US-Ukraine rela­tions under Joe Biden: secu­rity and domes­tic reforms as mutu­ally rein­forc­ing pillars

Foto: IMAGO /​ Xinhua

The recent visit of the US Sec­re­tary of State Antony Blinken to Kyiv has gen­er­ated some inter­est in Ukraine and beyond. This face-to-face meeting was a good oppor­tu­nity for the United States and Ukraine to send and receive mes­sages and signals in the most direct way. The agenda for the bilat­eral rela­tions had been set prior to the meeting and yet the sym­bol­ism of Blinken coming with a message of con­tin­ued support (and, also, perhaps, for some “inspec­tion”) was an impor­tant one, not to be undervalued.

Secu­rity and domes­tic reforms go hand in hand

For­mally, the US-Ukraine rela­tions are those of the strate­gic part­ner­ship. There have been ups and downs over the years, but mostly ups as Wash­ing­ton has stood behind Kyiv in its attempts to improve its secu­rity and intro­duce much needed (and often delayed) reforms. The inten­sity of coop­er­a­tion and the scale of Amer­i­can support has increased dra­mat­i­cally since 2014, when Russia launched its aggres­sion against Ukraine.

Ever since that time the US posi­tion has been one of unwa­ver­ing support. This has man­i­fested itself in diplo­matic activ­i­ties at the UN Secu­rity Council and other inter­na­tional forums. It has included the defense and secu­rity assis­tance which has amounted to more than US$ 2 billion over the past seven years. This now includes the supply of lethal weapons, among other things.

But another sig­nif­i­cant realm has always been that of the Ukraine domes­tic poli­cies, reforms, eco­nomic trans­for­ma­tion, and the strug­gle against cor­rup­tion. It is here where there has been some success, but also enough dis­ap­point­ments, both for Ukraini­ans them­selves and for their inter­na­tional part­ners, includ­ing the Americans.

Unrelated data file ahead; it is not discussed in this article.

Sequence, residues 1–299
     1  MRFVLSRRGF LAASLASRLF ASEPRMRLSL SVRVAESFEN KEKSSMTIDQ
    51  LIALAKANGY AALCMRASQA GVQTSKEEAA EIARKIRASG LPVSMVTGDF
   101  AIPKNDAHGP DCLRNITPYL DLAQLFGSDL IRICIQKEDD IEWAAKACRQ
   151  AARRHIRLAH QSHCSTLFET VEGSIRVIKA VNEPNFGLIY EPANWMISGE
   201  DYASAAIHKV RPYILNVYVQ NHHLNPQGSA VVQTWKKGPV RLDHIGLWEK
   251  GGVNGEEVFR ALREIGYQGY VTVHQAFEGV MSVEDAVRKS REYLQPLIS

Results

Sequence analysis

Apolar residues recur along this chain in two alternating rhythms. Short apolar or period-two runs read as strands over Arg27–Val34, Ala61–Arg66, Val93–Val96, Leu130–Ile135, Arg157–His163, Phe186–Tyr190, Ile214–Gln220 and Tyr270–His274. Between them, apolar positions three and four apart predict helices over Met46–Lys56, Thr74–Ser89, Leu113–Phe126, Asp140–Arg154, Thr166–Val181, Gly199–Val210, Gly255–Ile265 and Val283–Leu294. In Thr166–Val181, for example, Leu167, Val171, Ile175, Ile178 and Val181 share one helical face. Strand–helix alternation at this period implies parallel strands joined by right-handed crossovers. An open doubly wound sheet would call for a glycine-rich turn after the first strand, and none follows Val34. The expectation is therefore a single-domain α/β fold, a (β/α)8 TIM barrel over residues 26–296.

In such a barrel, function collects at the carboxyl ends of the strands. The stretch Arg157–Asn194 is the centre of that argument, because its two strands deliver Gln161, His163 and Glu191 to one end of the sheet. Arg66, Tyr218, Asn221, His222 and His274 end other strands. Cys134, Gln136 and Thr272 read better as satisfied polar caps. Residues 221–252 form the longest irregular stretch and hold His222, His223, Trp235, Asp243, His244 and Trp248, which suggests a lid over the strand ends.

The duality of the Amer­i­can approach has not always matched the approach of power-brokers in Kyiv, whose pre­ferred stance was often for Wash­ing­ton to deliver support without asking too many ques­tions or attach­ing con­di­tions. However, there is a logic in how Wash­ing­ton sees these two crit­i­cal “fronts” — the one against Russian aggres­sion and the domes­tic one — as entwined, deeply con­nected and in impact­ing on each other.

Con­sis­tency and continuity

The Amer­i­can approach and the agenda was set under the Obama admin­is­tra­tion. Despite the dis­rup­tive­ness of Donald Trump they remained mostly unchanged under his admin­is­tra­tion. While Trump himself often acted in his own pecu­liar ways, much of the rest of his admin­is­tra­tion stuck to the guide­lines of its Ukraine policy, fol­low­ing the estab­lished track of support.

One episode that rever­ber­ated on both sides of the ocean was cer­tainly Trump’s attempt to coerce Kyiv to play a part in his sce­nario of Amer­i­can domes­tic pol­i­tics. Pres­i­dent Trump applied pres­sure on Kyiv to open inves­ti­ga­tions into the activ­i­ties of Joe Biden and his son Hunter in Ukraine. In the process, US secu­rity aid to Ukraine was blocked for several months on White House orders. The outrage this caused led to its unblock­ing and further inves­ti­ga­tions of the episode in the Con­gress, cul­mi­nat­ing in Trump’s impeach­ment in the House of the Rep­re­sen­ta­tives. This rel­a­tively brief episode has some­what eroded trust. More­over, it was the first thing that Pres­i­dent Volodymyr Zelenskyy’s admin­is­tra­tion saw from Wash­ing­ton when it came to power. So it had a lin­ger­ing effect, and left offi­cials in Kyiv rather sus­pi­cious of their Amer­i­can counterparts.

There is no ambi­gu­ity in the stance of Joe Biden’s admin­is­tra­tion con­cern­ing Ukraine. Words match actions. There is a una­nim­ity within the exec­u­tive branch, the impor­tant inter-agency process is back. Con­gress, which played a pivotal role in driving the Ukraine policy, remains solidly on board with its acts of support for Ukraine and pun­ish­ment of Russia for its aggression.

It was already quite clear what Biden’s Ukraine policy would be, even during his pres­i­den­tial cam­paign, and there have been no shifts since he was inau­gu­rated (as can some­times happen). These poli­cies are deeply rooted in those of the Obama admin­is­tra­tion. Many of the current policy-makers are vet­er­ans of that admin­is­tra­tion, includ­ing the pres­i­dent himself. More­over, Biden was Washington’s point man on Ukraine for the eight years of his vice-pres­i­dency. This was not that long ago and the mem­o­ries and reflec­tions are fresh. He has accu­mu­lated a unique under­stand­ing of Ukraine, how its pol­i­tics work and who are its most influ­en­tial players. It remains to be seen how much Biden will be per­son­ally involved in the Ukraine policy now that he is in the Oval Office. But he will undoubt­edly deliver his opin­ions and will have an impact on strate­gic issues, even if not tac­ti­cal ones.